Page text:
[00:02:46] “It doesn’t show up in any Google rankings. No, it’s paywalled to the max. I can’t think on a national scale something that compares to what they own and influence on a provincial or regional scale.” Poitras

[00:03:07] “It’s the most solid paywall I’ve read of. No free articles” Jesse

“No metre.” Poitras

“No metre.” Jesse

“No cap.” Poitras

“And no social media indexing at all. It’s like North Korean. It’s like the hermit province of New Brunswick.” Jesse

[00:03:58] “This became a big issue in June when the guy was on the loose in Moncton after shooting those cops. And people were going to the newspapers site for basic information, like is the curfew lifted? Is it safe to go out on the streets?” Poitras

“Is there a madman on my street shooting people? Sorry 99 cents for a free trials.” Jesse

[00:04:20] “There was a back and forth debate about if they should lift the paywall as the New York Times has done for Hurricane Sandy. They lift the paywall for 48 hours so people can get basic survival information. And in this case it’s still not clear to me. I’ve heard differing things about whether they chose not to or whether the software they use that they use to run their paywall doesn’t allow it. Because the Irvings are pretty frugal and they would buy the least expensive and least flexible pay-wall app out there.” Poitras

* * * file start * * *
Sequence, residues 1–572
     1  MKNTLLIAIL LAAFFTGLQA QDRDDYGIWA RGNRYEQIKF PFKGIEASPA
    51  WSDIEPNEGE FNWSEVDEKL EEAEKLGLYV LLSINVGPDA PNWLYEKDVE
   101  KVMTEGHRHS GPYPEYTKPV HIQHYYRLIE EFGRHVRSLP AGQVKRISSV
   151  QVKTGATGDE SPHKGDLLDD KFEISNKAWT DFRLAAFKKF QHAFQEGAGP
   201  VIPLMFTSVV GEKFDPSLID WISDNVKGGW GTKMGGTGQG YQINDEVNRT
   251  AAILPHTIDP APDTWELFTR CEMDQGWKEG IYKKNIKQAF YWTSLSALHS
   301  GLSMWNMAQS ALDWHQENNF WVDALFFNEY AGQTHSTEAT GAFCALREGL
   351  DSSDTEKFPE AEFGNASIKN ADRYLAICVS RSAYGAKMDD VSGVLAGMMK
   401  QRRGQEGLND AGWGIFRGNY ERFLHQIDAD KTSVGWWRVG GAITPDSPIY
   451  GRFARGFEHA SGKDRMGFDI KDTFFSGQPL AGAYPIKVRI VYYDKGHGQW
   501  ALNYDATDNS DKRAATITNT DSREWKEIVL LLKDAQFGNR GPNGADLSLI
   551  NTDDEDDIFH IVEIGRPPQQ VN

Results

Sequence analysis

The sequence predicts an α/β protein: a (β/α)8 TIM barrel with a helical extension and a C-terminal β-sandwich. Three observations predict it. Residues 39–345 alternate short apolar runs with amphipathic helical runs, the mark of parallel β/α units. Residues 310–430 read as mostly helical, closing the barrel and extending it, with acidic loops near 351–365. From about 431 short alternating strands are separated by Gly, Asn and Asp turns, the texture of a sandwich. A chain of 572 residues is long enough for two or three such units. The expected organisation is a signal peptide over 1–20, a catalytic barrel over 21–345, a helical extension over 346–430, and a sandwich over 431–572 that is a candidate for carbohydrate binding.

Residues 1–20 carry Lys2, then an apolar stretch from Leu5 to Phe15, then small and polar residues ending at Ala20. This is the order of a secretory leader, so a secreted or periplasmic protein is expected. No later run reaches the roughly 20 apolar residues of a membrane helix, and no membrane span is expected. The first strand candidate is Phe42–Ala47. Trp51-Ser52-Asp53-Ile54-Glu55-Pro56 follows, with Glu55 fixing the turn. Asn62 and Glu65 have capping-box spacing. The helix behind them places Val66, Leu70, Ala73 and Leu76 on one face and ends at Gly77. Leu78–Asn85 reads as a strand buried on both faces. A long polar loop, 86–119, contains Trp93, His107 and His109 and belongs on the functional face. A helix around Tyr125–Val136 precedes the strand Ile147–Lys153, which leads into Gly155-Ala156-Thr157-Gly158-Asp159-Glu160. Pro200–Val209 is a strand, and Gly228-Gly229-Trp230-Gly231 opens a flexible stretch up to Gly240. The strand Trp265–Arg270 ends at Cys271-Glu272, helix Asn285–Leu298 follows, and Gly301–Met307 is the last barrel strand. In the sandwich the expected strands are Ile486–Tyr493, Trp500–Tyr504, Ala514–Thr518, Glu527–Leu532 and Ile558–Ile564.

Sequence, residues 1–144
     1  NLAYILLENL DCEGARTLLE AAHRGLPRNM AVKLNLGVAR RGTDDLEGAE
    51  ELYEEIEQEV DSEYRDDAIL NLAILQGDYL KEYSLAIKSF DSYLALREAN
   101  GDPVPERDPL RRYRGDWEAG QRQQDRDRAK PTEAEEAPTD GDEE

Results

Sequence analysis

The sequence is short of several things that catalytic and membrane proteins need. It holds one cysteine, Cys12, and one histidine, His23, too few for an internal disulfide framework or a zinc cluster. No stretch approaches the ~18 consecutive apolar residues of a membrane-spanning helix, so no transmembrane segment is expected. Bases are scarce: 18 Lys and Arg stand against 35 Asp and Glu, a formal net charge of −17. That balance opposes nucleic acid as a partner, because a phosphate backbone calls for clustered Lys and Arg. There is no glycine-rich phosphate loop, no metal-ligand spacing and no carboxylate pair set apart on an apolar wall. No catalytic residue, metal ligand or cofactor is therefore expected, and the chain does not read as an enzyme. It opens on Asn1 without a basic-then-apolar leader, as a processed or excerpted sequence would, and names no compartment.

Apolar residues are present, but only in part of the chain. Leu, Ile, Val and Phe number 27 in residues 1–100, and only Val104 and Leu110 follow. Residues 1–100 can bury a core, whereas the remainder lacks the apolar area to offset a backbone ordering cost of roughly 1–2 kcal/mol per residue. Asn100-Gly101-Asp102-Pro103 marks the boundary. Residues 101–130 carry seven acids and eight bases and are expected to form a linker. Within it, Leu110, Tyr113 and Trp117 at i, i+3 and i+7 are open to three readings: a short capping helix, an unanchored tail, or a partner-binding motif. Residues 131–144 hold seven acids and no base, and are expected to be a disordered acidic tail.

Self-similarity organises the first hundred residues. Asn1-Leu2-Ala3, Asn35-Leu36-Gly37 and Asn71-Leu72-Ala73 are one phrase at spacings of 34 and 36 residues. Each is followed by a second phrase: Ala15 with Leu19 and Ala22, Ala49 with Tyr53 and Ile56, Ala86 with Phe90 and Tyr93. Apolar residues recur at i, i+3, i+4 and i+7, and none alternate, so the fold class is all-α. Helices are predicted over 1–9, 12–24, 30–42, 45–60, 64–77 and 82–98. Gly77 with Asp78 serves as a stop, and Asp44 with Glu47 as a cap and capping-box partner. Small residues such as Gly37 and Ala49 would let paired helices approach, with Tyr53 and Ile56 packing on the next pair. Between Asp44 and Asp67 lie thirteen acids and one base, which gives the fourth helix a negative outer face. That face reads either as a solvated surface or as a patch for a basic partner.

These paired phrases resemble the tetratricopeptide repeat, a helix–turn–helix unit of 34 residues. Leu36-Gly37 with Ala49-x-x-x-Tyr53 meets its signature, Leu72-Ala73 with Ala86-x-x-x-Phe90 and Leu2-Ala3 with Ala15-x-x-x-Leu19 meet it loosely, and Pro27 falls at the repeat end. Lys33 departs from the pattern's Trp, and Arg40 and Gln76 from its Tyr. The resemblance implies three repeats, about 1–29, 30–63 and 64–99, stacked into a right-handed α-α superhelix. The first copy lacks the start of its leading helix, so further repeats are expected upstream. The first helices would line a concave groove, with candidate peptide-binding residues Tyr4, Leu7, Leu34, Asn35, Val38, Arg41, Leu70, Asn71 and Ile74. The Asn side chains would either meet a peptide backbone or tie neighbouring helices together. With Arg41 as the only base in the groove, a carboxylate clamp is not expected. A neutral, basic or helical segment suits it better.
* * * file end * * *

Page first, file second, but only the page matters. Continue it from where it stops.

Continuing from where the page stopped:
[00:06:35] “So future of news, everybody who’s listening who wanted to figure out how we are going to save this news business. Eliminate every other  newspaper or news organization and then you can charge what you want.” Jesse

[00:07:24] “They are the biggest private sector employer in the province.” Poitras

[00:07:38] “Their refinery accounts for more than half of the providence’s exports, so they’re big…There is a couple of comparisons. You can think of John D Rockefeller in the U.S a 100 plus years ago, except he didn’t own the media. You can compare it to Pierre Karl Peladeau in Quebec and his media holdings, but he doesn’t own all this industry and there is competition for his media organization in the Quebec market.” Poitras